Has Education become Commoditised?

Commoditisation is a process whereby difference is eroded and competition becomes solely price based. Commoditisation occurs when diversity decreases between competing products or services. It happens with food, furniture and motor cars. When different shops are selling different vegetables to each other, price doesn’t matter so much; because people will choose to buy from the shop that is the only supplier of the vegetable they want.  This is a basic marketing concept.

However, commoditisation is now affecting education offer generic products with organisations competition on price rather than good quality education and services.

Education was once less regulated. There were lots of different universities and colleges offering lots of different courses, taught in different ways. Some may have been more theoretical, some practical, following various psychological theories of learning. Students chose the course that best suited them and what they were looking for.

Then some bright spark thought it would be nice to have a “national curriculum”.  This has happened in lots of different countries, such as Australia and the UK.  The same courses, certificates, diplomas and so on are offered across the whole country.  A particular concept of learning (eg. competency based) is adopted and teachers are restricted to teaching within the confines of that concept.   Teachers are told what and how to teach. If they do not conform to these “rules”, then their teaching is criticised and they may even lose their job.  Auditing becomes increasingly controlling. Teachers are less empowered to vary how and what they teach, and to modify their approach to individual students. As a result, the diversity of what can be offered by education institutions becomes increasingly confined, and the points of difference between different institutions decreases.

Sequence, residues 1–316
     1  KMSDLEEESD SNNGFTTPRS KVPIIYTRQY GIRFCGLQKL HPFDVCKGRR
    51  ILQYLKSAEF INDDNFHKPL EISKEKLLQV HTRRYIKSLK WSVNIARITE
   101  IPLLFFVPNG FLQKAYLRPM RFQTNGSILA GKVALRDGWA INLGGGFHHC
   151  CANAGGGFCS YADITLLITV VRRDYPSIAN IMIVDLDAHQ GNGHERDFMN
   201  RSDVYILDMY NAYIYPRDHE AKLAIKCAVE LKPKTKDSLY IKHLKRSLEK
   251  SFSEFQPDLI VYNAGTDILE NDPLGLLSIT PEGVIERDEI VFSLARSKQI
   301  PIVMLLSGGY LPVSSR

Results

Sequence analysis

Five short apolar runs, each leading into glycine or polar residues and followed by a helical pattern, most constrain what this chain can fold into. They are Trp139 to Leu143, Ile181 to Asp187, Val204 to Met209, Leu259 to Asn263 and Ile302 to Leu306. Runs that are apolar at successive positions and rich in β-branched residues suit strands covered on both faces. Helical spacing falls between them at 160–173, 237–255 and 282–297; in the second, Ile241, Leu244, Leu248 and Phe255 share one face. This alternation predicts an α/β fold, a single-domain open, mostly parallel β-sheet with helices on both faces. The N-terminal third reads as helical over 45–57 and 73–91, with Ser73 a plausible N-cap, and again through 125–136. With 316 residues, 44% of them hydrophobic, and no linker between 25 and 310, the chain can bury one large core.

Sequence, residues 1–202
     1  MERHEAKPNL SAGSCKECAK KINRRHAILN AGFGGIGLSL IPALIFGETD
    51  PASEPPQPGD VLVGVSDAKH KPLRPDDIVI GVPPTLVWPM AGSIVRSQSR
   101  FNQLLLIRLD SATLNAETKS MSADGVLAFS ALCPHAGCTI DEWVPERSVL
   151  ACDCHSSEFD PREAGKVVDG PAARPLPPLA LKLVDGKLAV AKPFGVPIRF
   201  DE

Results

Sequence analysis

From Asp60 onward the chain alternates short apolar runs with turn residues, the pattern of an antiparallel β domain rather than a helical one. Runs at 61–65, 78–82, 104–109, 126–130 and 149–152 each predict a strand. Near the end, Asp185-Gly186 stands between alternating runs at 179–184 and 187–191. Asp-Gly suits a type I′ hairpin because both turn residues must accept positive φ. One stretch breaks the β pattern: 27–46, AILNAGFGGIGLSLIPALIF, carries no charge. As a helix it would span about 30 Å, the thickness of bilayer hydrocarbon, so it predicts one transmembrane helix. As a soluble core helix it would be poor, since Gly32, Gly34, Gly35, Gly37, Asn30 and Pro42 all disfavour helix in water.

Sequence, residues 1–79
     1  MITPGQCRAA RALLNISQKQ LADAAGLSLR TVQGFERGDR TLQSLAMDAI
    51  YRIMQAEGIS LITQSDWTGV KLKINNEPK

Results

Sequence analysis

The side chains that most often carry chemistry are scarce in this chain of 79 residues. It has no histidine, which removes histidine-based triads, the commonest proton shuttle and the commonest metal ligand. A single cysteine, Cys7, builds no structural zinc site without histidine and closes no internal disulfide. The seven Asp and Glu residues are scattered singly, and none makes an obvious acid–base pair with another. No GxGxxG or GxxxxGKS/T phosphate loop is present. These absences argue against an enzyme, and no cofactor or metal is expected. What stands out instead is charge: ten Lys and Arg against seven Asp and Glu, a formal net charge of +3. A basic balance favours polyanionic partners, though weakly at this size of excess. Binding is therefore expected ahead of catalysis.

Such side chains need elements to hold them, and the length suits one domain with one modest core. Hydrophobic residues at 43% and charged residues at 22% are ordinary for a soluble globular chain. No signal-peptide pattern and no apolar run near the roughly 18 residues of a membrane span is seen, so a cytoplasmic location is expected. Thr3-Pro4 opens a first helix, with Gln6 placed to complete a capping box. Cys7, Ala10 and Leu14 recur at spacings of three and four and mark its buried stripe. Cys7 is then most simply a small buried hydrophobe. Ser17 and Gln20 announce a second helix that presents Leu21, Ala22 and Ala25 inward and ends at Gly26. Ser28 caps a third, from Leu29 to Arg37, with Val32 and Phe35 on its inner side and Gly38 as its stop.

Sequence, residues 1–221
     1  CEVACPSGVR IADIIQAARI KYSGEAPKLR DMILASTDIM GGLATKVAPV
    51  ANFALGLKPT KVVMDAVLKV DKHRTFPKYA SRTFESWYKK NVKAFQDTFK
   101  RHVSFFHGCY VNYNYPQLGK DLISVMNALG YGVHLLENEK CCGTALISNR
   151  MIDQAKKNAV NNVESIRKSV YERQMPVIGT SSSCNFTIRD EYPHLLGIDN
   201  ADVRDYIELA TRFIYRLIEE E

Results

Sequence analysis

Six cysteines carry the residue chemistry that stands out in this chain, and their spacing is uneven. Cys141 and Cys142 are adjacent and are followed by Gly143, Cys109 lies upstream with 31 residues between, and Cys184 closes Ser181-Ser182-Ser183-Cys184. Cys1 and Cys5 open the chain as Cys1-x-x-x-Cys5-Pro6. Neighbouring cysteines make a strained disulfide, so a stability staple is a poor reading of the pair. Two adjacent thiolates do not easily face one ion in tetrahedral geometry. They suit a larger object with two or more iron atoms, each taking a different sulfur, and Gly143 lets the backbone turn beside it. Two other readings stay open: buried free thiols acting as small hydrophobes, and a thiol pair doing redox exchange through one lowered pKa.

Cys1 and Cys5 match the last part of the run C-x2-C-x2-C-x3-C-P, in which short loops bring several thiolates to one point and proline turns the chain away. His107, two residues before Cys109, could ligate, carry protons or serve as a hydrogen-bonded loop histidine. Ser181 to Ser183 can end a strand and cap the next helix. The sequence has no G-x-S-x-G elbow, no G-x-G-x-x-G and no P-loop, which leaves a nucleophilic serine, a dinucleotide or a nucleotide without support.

This trend toward reduced diversity in education has resulted in a trend toward commoditisation; and that then can leave institutions increasingly focused of price as a point of difference when trying to recruit students.

The way to avoid commoditisation is to find and develop points of difference outside of price. Examples of how to do this may involve focusing on:

  1. Unique or Rare Services – The National Curriculum or other nationwide training requirements can reduce the ability of education providers to offer unique or rare services.Not everyone wants to study the same things. Our world has become increasingly specialised.At one time, a person would go into a cobblers and the cobbler would talk to the customer, measure their feet, make their shoes and sell them. Today, shoes are often made in factories, where a person may only create one part of the shoe, perhaps the heel.This has meant that increasingly people require specialist knowledge and training. BUT our education services have become increasingly generic, offering the same courses to everyone throughout the country.Why? Education providers will often receive funding from the government or other official bodies. That funding often relates to specific courses detailed in the national curriculum. So education providers will often, of course, focus on the courses that will get them money from the government. As a result, more unique or rare courses will not be offered. A college may have the opportunity of 100 new students on the same course, compared to ten on a specialist course. They will either not offer the specialist course at all, or price it at an expensive rate to make it worth their while. Probably pricing it out of the ability of many students.

    Unfortunately, this means that specialist knowledge and training can be hard for students to obtain.  A sad example is Botany. Since 1988, the number of universities in America offer Botany course has reduced by half. Students are increasingly encouraged to study more technologically modern courses. However, the Journal Nature said “U.S. universities find that demand for botanists exceeds supply." There is no logic. More botanists are required to meet demand, but less universities are offering the course and less students are therefore studying it! There is no logic to this.   

    To avoid commoditisation in education, education providers must continue to offer specialist, rare and required courses to ensure that our learners are being educated in a wide range of subjects. We should also remember that as a race, humans need to also maintain essential knowledge, such as botany, to continue to grow and develop and survive.